project based learning (pbl)


Project-based learning (PBL) is a “learning-by-doing approach” where students are actively participating in their own educational development. In a PBL classroom, you often find students solving problems, participating in simulations, conducting case studies and designing research projects based on different areas. This method encourages students to investigate real world issues and develop solutions that could inspire change in the world.

PBL is favored among educators because it encourages the curiosity of students. And why is that important? For starters, psychologists have found that “curious people report finding a greater sense of meaning in life.” Secondly, research shows that curious, motivated students become deep learners who master complex subjects and who develop a sense of fascination and meaning.

Sounds ideal, right?  Since PBL isn’t quite yet the standard in every classroom, many misconceptions about it exist. Below are some common questions and answers that we hope parents will find helpful.

My child won’t learn as much as they would in a traditional classroom.

One of the biggest misconceptions about PBL is that schools that implement it fail to cover core subject material for particular courses. And to some extent, yes, many PBL-based schools do sacrifice “core” traditional content coverage so that students can spend time engaging in applied, investigative learning.

But the sacrifice is worth it. Study after study show that passively learning content in a rote manner no longer proves sufficient to prepare students for success in today’s world, especially now that subject content is accessible via one quick click on the web; however, research shows that PBL helps equip students to troubleshoot in the “real world,” and will help develop fundamental skills “for living in a knowledge-based, highly technological society.”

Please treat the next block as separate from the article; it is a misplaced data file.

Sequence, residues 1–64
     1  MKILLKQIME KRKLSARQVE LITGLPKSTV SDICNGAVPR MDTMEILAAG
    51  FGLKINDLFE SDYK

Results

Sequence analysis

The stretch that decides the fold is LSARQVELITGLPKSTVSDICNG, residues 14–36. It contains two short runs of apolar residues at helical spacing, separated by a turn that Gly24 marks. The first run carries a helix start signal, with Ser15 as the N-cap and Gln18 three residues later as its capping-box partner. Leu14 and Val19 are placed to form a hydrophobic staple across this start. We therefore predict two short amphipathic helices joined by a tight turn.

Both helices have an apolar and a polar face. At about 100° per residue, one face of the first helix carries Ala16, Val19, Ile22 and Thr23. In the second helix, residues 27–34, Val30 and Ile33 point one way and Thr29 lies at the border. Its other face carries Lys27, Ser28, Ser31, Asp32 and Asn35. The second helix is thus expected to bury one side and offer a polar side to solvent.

While most would agree that the way we access information changes our educational landscape, some still question whether PBL will adequately “test” students. It is true that PBL is the opposite of standardized testing, but that is because PBL classrooms support scaffolding and aims for students to reach different levels of mastery for each project they undertake. As project work is typically presented to community members, including local experts who may have contributed to their learning, students become stakeholders in their own achievement and are motivated to produce projects that mean something.

Teachers won’t teach actual content.

Another misconception of PBL is that teachers will not adequately cover content or “teach,” and they don’t — not standing in the front of the classroom, at least. Since a PBL classroom looks vastly different than a lecture-driven classroom, they teach everywhere but the front of the classroom. Serving as an active participant rather than the sole instructor, teachers who practice project-based learning continually rotate around the classroom, offering constructive advice as students lead their own investigations and learning.